Mike has not been charged with any crimes in connection to the abuse and coercive control allegations. In an interview with NBC’s “Dateline,” the former Maricopa County sheriff’s deputy denied abusing his stepdaughter, whom he adopted shortly after he and his wife got together in 1986, though he acknowledged being a controlling parent, saying it was necessary because Alissa needed “constant supervision.”
Mike told “Dateline” he was trying to protect a teenager who he said was “very naive” and “easily influenced.” (Mike’s wife — Alissa’s mother — died when she was in second grade.)
But to James, the second oldest in the blended family of six children, his father is a “master manipulator” who routinely called Alissa “stupid” and “not that intelligent.”
Mike also said things that seemed far more cruel. He had recording systems inside his suburban Phoenix home that captured phone calls as well as video — a camera was tucked inside an air conditioning vent in the living room — and audio tapes recovered by authorities captured him making disparaging comments about Alissa and using expletives to describe her.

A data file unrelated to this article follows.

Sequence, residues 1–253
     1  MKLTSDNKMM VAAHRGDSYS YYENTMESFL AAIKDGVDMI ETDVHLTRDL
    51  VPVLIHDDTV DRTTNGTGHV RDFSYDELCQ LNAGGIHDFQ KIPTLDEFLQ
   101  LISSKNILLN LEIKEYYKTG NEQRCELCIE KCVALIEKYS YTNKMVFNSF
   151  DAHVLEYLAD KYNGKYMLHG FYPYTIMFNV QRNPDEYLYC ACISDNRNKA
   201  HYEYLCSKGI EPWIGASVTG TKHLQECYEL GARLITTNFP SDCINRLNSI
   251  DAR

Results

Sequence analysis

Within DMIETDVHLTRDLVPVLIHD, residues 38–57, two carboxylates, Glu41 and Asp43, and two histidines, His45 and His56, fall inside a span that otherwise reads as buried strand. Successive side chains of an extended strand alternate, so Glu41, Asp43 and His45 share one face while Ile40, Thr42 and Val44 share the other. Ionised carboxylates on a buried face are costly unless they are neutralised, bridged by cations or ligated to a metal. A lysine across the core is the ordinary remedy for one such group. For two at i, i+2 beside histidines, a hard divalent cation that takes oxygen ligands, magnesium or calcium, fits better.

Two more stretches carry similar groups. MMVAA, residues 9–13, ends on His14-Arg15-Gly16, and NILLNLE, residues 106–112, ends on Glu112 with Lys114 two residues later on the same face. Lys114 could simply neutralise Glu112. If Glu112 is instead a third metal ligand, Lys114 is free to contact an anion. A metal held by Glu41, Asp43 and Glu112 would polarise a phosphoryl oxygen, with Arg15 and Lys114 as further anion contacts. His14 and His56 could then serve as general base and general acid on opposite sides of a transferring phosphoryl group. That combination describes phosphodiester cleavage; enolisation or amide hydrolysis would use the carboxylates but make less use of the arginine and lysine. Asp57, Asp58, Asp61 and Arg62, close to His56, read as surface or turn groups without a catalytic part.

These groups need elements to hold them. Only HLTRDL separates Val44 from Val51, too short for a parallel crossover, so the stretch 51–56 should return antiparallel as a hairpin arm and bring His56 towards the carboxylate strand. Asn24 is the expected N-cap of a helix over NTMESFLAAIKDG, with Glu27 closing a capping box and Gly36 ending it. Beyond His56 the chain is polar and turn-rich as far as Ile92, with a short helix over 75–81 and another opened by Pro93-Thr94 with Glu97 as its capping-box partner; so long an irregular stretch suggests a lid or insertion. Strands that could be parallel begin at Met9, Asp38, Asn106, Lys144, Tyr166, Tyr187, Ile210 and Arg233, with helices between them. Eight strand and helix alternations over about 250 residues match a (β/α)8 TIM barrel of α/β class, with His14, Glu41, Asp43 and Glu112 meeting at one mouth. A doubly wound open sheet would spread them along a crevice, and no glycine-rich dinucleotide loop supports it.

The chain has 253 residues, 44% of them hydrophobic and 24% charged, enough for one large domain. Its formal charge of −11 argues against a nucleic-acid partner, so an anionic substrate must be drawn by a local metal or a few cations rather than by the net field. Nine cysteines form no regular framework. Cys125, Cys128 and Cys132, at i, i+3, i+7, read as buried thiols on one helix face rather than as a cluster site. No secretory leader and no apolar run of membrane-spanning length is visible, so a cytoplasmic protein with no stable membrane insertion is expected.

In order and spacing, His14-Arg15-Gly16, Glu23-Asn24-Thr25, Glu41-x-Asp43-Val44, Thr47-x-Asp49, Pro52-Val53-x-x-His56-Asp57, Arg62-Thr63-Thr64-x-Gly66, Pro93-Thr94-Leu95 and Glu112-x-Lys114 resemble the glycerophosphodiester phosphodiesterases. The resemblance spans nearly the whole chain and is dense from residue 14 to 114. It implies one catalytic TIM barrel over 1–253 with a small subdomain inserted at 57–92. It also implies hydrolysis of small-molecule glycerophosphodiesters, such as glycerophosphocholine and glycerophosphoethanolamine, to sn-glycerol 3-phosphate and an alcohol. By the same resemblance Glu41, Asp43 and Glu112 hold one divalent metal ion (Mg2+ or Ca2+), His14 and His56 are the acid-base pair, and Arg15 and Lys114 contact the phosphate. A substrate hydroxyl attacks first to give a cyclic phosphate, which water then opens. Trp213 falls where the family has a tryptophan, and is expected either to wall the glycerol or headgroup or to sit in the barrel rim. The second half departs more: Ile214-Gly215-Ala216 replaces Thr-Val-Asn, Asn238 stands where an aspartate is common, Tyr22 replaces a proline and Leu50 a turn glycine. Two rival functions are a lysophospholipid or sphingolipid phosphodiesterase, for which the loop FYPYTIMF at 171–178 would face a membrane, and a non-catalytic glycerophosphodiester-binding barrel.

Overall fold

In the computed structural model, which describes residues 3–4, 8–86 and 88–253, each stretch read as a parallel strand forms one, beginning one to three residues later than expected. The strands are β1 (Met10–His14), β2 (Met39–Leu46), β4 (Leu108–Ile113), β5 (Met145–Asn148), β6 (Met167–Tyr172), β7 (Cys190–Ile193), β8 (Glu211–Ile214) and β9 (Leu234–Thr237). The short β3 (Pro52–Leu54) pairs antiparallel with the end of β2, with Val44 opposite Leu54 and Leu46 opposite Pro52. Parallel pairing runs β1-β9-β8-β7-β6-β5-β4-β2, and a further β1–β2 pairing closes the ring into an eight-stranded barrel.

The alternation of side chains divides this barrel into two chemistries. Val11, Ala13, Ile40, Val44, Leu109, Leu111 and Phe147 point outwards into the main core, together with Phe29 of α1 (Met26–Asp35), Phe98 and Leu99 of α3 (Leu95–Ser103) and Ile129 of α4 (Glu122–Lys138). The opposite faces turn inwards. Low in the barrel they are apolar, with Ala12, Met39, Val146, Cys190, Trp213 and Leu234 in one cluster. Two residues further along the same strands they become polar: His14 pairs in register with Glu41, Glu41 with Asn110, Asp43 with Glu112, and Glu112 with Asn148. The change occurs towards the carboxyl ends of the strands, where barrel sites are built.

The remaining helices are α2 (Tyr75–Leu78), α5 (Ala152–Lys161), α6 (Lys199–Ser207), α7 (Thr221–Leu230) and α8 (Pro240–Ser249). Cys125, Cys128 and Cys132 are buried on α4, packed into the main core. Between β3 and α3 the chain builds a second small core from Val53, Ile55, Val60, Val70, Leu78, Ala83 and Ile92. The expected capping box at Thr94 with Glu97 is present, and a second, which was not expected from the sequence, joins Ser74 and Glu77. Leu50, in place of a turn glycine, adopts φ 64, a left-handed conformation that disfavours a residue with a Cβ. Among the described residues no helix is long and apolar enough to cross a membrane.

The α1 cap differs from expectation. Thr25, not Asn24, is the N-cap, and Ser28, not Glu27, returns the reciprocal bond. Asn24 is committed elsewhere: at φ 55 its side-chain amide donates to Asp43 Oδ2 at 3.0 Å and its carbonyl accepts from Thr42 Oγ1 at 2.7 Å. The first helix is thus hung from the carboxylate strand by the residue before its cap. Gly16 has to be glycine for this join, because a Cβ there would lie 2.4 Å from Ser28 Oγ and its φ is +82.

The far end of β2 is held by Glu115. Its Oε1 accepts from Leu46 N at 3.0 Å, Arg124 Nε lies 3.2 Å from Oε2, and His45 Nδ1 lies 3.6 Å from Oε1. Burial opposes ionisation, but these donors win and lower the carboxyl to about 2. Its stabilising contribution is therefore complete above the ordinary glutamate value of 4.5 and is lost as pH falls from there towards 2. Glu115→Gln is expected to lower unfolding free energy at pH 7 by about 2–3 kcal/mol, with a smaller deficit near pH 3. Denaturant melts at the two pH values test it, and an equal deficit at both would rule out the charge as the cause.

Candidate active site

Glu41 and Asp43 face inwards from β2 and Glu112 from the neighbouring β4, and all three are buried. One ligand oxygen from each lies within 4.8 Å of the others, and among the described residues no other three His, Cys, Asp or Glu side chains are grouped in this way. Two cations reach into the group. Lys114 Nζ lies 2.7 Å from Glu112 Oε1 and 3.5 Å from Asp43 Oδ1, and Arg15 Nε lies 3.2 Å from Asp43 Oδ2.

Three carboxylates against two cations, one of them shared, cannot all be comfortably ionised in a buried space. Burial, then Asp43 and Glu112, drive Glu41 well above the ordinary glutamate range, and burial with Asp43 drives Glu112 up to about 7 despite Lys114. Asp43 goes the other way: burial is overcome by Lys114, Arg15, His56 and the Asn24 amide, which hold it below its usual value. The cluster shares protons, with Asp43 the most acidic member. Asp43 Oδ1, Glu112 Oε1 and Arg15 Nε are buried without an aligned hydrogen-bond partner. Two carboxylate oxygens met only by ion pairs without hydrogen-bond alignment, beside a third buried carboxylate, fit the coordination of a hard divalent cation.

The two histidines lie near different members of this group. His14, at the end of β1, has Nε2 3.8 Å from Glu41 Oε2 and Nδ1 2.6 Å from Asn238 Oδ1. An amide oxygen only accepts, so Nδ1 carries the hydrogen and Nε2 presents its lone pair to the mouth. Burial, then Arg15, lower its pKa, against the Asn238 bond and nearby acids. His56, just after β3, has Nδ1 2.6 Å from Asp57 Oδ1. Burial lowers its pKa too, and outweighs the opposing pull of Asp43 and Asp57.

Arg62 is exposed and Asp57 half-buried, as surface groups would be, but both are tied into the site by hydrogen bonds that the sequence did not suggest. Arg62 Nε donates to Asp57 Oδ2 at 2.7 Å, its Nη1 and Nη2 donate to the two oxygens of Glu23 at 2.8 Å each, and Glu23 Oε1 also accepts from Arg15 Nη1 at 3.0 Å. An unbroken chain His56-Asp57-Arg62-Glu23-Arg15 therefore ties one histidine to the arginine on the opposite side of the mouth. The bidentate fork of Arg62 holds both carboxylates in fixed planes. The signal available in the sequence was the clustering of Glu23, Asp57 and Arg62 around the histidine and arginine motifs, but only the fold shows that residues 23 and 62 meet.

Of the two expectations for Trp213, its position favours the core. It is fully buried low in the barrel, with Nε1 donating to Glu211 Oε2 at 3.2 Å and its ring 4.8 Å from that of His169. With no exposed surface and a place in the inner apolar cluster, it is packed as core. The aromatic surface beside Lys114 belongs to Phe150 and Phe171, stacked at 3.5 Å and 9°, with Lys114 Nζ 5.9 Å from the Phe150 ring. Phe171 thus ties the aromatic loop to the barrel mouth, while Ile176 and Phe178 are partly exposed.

From the camera inside the vent, Mike saw Alissa kissing someone who wasn’t her boyfriend — then revealed to the boyfriend that his stepdaughter was “cheating” on him, William Andersen, the Phoenix police detective who led the investigation into Alissa’s disappearance, told “Dateline.”
Mike also regularly appeared at Alissa’s job — she worked at a Jack in the Box — and filmed her from his car, Andersen said.
“Mr. Turney has stated that he would routinely show up an hour or two early to ensure she did not leave the premises with anybody else,” Andersen said. “It’s very much over the top.”
Mike said it was a “lie” that he disclosed his stepdaughter’s cheating. He said he initially filmed Alissa at her job because she asked him to — he said she wanted to be recorded at her first job — and he later did so because he believed she was giving her phone number to men at the drive-thru.